Stanford faculty, students connect in their digital classrooms
In response to the novel coronavirus, instructors have had to transform their courses into digital classroom experiences. Here, Stanford faculty reflect on how they are engaging with students from a distance.
The challenges – and opportunities – of Stanford University’s move to fully-online learning have been enormous. Faculty and students find themselves faced with the daunting task of teaching, learning and connecting online while facing a global pandemic that has disrupted many aspects of their daily lives.
Some courses have lent themselves to a virtual environment, while other, more hands-on classes have required instructors to rethink how they can simulate the process of experimentation and discovery online.
In every case, instructors are learning they must confront new and different challenges – like being proactive about making sure students have the resources and emotional support they need as they attend class remotely from locations around the world.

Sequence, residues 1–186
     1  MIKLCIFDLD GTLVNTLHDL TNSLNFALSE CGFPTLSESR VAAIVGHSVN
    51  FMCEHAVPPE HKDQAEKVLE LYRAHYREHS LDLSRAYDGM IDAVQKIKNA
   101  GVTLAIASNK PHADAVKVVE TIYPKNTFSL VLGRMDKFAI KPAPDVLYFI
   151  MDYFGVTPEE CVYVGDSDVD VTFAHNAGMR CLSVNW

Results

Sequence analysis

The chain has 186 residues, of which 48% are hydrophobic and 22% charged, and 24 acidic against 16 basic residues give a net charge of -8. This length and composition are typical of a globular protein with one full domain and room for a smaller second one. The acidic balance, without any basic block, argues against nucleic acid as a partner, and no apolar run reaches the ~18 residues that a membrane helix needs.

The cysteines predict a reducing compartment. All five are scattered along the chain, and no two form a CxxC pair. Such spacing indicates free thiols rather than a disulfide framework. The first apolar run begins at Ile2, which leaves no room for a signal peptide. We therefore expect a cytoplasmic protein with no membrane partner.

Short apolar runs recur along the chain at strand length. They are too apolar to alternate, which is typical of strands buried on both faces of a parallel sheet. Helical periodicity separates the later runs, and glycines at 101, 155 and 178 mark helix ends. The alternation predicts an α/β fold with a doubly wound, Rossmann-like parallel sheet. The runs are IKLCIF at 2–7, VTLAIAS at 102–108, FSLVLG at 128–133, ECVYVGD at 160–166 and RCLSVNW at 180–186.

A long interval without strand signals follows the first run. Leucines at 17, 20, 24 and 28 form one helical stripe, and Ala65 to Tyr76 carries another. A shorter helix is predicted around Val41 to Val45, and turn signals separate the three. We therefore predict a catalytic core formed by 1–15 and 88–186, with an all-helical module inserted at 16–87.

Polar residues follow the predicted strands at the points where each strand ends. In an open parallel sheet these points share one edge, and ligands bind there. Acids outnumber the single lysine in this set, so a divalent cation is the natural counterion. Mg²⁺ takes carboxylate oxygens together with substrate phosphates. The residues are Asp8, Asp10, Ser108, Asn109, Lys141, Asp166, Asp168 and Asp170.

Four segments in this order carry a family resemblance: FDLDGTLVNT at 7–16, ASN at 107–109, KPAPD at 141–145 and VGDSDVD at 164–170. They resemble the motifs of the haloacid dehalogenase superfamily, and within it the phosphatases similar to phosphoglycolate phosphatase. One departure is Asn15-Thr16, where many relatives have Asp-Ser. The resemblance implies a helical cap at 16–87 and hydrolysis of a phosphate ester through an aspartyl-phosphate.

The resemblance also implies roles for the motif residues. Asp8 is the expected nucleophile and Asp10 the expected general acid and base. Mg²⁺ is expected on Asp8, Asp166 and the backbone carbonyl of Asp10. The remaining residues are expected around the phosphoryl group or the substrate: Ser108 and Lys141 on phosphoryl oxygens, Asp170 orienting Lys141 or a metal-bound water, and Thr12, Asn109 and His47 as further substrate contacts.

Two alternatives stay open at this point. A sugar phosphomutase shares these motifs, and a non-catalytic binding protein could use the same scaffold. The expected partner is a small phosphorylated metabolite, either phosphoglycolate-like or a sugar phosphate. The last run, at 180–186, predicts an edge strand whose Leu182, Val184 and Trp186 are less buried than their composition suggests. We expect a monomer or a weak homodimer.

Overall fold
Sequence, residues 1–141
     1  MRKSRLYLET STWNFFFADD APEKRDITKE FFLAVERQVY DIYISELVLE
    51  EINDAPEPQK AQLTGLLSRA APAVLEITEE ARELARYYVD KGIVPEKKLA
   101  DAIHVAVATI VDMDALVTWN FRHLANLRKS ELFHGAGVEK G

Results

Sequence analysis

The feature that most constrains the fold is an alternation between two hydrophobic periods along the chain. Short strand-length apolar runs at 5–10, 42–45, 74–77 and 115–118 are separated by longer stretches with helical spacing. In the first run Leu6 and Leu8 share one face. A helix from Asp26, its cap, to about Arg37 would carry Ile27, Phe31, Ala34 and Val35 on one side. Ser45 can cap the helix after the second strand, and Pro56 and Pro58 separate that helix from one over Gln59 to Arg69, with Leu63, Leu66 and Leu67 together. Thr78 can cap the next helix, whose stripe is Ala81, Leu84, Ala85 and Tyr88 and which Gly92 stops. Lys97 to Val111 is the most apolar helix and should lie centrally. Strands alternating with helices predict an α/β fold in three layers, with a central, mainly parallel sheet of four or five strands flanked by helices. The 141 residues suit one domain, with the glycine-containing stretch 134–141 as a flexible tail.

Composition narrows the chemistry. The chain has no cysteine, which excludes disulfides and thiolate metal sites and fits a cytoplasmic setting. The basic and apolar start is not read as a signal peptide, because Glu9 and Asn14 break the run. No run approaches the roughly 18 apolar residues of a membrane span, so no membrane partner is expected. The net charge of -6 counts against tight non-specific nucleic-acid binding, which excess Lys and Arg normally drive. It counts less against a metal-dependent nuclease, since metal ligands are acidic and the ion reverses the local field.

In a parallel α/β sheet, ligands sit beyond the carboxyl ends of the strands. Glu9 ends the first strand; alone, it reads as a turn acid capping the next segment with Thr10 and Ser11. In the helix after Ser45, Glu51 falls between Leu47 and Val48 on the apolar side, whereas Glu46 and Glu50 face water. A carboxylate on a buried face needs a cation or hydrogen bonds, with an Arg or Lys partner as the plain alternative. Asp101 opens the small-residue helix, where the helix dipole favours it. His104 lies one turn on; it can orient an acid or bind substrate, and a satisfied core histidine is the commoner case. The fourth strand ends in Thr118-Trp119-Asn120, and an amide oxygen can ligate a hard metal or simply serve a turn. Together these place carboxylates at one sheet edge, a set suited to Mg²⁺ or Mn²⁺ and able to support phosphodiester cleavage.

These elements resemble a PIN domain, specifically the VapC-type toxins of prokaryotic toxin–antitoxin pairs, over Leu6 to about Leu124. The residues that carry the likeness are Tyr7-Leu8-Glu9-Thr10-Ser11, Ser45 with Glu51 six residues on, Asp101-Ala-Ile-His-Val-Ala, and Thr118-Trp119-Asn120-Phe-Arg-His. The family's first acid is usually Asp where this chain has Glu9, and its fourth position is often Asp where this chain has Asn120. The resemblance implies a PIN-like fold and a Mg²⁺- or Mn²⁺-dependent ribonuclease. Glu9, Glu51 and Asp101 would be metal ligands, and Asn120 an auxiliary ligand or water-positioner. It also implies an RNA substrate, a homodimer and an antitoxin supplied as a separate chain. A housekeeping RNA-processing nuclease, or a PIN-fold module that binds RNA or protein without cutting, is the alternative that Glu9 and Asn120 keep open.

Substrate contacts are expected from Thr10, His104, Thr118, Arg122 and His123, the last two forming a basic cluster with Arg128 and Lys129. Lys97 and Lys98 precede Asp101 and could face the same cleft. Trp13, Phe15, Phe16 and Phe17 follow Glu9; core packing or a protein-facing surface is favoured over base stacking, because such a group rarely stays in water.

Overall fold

In this series, Stanford instructors share the obstacles, surprising benefits and unexpected joys they’ve encountered while teaching online. The initial set of faculty reflections were published at the beginning of spring quarter 2020, and additional vignettes and testimonials will be added throughout Stanford’s COVID-19 response to reflect the evolving nature of this new educational reality.
Kirsti Copeland, lecturer in religious studies and associate dean of student affairs in the School of Engineering